For plan members who were eligible to retire on July 1, 2012 (i.e. age 55 or within 10 years of your normal retirement date), the Minimum Guarantee pension will be reduced by one-quarter (0.25) of one percent for each month of early retirement prior to your Normal Retirement Date. This applies regardless of the date on which you actually choose to retire.
- Postponed Retirement
You may remain in the service of the University following your normal retirement date, however you may in no event postpone the commencement of your pension beyond December 1 of the year in which you reach age 71.
If you postpone retirement, you have a choice of continuing your required contributions or stopping contributions. At actual retirement, you will receive a pension in an amount equal to the greater of your Money Purchase Pension or your Minimum Guarantee Pension plus your Pension from Voluntary Contributions (if applicable).
The amount of your minimum pension will depend on whether or not you continued to contribute to the plan after normal retirement. If you continued to contribute, your Minimum Guarantee Pension will be based on your participation in the plan and earnings up to your actual retirement date.
Other benefits such as Life Insurance and Long Term Disability may reduce or cease at your NRD.
Types of Pensions
- Money Purchase Pension
This pension is calculated from the total balance to your credit in your Money Purchase Component Account, based on the actuarial tables in force for plan purposes at that time.
- Minimum Guarantee Pension
The amount of your Minimum Guarantee pension benefit will be calculated using the following formula:
Minimum Guarantee pension =
Years of Credited Service
× [The Sum of 1.29% of the average of your highest 5 years’ earnings up to the 5-year average of the YMPE
+ 2% of the average of your highest 5 years’ earnings in excess of the 5-year average of the YMPE]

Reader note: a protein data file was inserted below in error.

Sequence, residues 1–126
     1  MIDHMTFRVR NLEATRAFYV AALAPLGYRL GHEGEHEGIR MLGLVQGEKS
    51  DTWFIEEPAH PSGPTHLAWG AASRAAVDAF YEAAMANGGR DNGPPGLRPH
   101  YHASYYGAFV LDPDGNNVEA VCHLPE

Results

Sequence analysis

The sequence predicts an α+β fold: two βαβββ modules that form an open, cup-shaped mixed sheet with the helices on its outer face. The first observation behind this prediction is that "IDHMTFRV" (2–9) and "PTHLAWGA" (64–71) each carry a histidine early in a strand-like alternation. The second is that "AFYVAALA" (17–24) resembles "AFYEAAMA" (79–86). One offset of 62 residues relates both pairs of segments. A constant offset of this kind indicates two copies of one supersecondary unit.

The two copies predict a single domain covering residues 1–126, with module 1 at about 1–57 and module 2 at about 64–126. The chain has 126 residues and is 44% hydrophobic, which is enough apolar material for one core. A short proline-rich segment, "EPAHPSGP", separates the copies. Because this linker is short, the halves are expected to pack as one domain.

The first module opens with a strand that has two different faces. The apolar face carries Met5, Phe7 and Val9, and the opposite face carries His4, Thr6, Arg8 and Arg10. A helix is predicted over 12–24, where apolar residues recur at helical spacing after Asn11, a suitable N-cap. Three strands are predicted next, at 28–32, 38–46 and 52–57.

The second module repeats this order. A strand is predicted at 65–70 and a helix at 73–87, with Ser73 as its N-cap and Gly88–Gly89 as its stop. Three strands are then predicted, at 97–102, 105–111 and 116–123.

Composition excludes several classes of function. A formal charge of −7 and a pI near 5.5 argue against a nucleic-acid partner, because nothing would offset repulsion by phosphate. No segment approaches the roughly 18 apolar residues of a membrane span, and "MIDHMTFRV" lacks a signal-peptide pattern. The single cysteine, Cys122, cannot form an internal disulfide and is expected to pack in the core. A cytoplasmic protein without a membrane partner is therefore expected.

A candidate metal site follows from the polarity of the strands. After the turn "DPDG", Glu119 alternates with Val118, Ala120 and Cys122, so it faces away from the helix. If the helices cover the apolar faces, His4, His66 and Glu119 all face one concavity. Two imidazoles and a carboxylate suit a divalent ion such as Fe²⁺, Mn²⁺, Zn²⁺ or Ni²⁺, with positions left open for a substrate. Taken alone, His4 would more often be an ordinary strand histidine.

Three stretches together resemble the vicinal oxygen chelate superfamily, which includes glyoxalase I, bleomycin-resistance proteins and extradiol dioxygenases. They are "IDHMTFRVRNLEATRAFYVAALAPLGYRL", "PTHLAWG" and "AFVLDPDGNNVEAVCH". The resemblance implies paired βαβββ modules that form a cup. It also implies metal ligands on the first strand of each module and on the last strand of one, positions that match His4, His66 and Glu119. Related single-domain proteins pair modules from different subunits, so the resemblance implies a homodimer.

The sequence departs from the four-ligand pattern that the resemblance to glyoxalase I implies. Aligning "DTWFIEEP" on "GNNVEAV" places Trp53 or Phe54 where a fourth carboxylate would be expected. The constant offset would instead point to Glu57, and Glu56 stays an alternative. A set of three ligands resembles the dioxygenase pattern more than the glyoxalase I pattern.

- Average of 5 highest Years’ Earnings = $80,000
- Average of 5 highest Years’ YMPE = $50,482
- Credited Service = 35 Years
Minimum Guarantee Pension = 35 × [(1.29% × $50,482) + 2% × ($80,000 −50,482)] = $43,455.22
- Pension from Additional Voluntary Contributions
You will receive an additional amount of pension, commencing at the end of the month of your retirement and payable in monthly instalments for your remaining lifetime.
Instalments are provided from the balance in your Additional Voluntary Contributions (AVC) Fund and based on the actuarial tables in force for plan purposes at the time.
Additional Voluntary Contributions can be withdrawn in cash, transferred to an RRSP or RRIF, or left in the Plan. However, any special transferred contributions which were subject to “locking in” provisions must remain locked-in. Cash withdrawals are subject to taxation.
- Normal Form of Pension
The normal form of pension is payable for your lifetime and guaranteed for a minimum of five (5) years. If you die after your retirement but before receiving 60 monthly payments, the balance of the guaranteed payments will be paid to your beneficiary.
There are many alternative forms of pension payments available. You may choose one of these other forms by giving written notice to the University any time prior to the commencement of your pension. The following are some examples of these alternatives: